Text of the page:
ClipDrop is a new (still in beta testing) mobile app that uses augmented reality (AR) to capture real life objects with your phone camera and effortlessly drops them onto your desktop.
I spent some time testing it and the first thing that came to mind was how it could be utilised for OSINT, visual photo ID of objects from photographs, background elements, faces and so on (more on why these things are important here).
Here’s a promo video demonstrating what the software is capable of:
The app is available for Android and iOS and comes with desktop clients for MacOS and Windows.
You can use this app as a standalone phone-only product for capturing digitized versions of real life objects, but the full power of ClipDrop is the ability to transfer your captures onto another device.
The requirement is that the phone and computer must both be on the same local network for the application to work. So if you are using a VPN, proxies or firewalls, you need to disable all those things, otherwise they will interfere with connectivity between the app and the desktop client.
Also there have been some reports of certain antivirus software blocking the desktop version on Windows (third party AV software, other than Windows Defender).
You can download the desktop client here.
Before you start snapping away, remember that this beta demo version is limited by the amount of clips you can take – the product costs $39.99 a year (looks like it’s “discounted” from $79.99, which could indicate its future price) to remove those limits and unlock all available features.
There is a monthly price option of $9.99, but it does not make sense to pay 3 times the yearly upfront cost, if you intend to use the service for a year.
The first impression was positive – the app identifies and isolates objects really well, even when it has to pick them out from a visually complex background (like a cluttered desk).
Generally ClipDrop has no problem with focus, but I noticed that sometimes it can be confused by shadows or objects with less distinct shapes.
You can drop your clipped objects directly onto the desktop, or you can save them within a private cloud storage gallery. The demo version offers a 30 day cloud storage option, after which time the files get deleted.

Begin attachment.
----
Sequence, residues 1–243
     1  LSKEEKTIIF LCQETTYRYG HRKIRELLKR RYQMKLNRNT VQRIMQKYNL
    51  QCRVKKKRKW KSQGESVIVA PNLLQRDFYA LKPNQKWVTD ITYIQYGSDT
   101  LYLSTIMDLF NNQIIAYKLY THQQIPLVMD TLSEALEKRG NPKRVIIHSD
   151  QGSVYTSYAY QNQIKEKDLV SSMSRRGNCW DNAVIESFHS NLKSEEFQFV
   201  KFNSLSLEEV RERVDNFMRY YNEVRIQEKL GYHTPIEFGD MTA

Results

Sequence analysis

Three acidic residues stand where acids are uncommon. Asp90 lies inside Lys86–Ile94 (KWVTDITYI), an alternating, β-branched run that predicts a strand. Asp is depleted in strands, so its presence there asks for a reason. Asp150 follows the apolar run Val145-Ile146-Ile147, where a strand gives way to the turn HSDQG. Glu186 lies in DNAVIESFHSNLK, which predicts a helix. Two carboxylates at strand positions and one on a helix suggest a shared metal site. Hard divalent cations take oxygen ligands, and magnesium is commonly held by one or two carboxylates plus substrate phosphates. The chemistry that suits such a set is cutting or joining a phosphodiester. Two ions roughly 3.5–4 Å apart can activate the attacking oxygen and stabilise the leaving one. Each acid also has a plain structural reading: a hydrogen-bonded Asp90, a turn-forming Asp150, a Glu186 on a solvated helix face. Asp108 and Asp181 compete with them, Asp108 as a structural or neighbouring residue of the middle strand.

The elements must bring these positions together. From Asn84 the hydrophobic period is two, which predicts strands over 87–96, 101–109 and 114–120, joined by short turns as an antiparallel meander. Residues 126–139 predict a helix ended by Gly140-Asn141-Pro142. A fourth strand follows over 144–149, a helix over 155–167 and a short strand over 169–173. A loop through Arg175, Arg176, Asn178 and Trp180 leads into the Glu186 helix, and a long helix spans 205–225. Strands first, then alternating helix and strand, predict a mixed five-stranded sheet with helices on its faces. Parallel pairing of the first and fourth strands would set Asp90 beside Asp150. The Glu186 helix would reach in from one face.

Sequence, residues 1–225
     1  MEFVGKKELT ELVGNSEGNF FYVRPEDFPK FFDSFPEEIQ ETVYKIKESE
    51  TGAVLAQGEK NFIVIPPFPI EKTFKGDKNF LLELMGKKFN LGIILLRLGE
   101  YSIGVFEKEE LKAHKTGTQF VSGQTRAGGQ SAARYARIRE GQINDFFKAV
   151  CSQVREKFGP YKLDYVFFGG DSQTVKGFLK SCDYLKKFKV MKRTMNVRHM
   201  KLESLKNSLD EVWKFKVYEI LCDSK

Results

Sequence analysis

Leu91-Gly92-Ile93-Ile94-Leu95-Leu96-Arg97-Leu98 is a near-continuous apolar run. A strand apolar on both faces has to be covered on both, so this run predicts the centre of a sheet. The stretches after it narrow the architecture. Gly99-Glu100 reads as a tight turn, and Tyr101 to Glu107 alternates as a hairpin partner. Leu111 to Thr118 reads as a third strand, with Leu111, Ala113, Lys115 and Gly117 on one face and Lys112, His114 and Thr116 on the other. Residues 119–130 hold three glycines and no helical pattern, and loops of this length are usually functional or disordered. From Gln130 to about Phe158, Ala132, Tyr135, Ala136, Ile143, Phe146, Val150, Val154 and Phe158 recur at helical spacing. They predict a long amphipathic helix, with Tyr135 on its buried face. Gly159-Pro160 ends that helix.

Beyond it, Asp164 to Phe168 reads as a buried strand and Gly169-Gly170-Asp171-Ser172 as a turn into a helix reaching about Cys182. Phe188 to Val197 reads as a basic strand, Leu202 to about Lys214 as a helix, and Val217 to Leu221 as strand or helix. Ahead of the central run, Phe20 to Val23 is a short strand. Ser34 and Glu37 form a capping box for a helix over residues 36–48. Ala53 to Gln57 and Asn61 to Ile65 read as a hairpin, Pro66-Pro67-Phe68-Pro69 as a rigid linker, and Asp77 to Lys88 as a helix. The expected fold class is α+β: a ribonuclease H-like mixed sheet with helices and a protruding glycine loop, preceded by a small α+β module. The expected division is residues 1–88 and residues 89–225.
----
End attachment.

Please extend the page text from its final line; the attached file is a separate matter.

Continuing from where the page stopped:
The desktop client can be used with various plugins (like Photoshop), allowing for instant and efficient editing, which can be handy for facial recognition.
ClipDrop is surprisingly good at capturing faces, both in real life and from computer screens.
Another useful feature is optical character recognition (OCR), which allows you to scan and capture a block of text literally from anywhere. The captured text also lands in the desktop client’s cloud storage, but not as an image, but actual plain text.
The OCR capability worked nearly flawlessly each time I tested it, even when the scanned text had a rugged background. One area where I noticed it struggling was scanning hyperlinks or non-standard fonts – that’s when you can see some characters missing.
But overall, it does a solid job on standard text:
Since this app is still a beta version, the expected kept happening – frequent crashes that occur when you navigate the camera interface or click too fast on various elements. While this is a regular thing with any beta testing, I found it surprising that the trial version expires pretty quickly and users are expected to pay the full price for a product that is not even ready yet.
To use the service you need to either create an account or sign in using another service like Facebook, Apple or Google. Any user, paid or not, will have a limit of up to 2 devices (1 mobile and 1 desktop) per account, which can be quite limiting.
Privacy as well as confidentiality are a big concern here, as it is always the case with using third party services for OSINT, especially those where you upload investigative material to their servers.
This is something unavoidable if you want to use the ClipDrop service – but in fact you should always be mindful of what you upload, be it investigative material (photos) or some sensitive text information, like a contract or some personal documents you scanned with the app’s OCR.
The creators assure users that the clipped content uploaded by them is anonymous, that no material has any connection to the uploading user and that content will not be shared with third parties.
The company behind this application is called Init ML and it’s located in Montreuil, France, so within a GDPR regulated jurisdiction.
The address is 211 rue Étienne Marcel, 93100 Montreuil (here is the Google Maps link).
ClipDrop certainly has some potential for OSINT investigators, although open source intelligence collection is not the primary use case for this tool.
I am personally not a big fan of a yearly subscription to any service, so the cost might play a role here in deciding how badly you need a tool like ClipDrop.
However, the OCR capability remains free as of now and you can still upload scanned text to the desktop client’s free cloud storage.
It will definitely be worth it to monitor the development of this app and avail of a 3 day full version trial when the product is complete. No doubt it will have some uses for online investigations…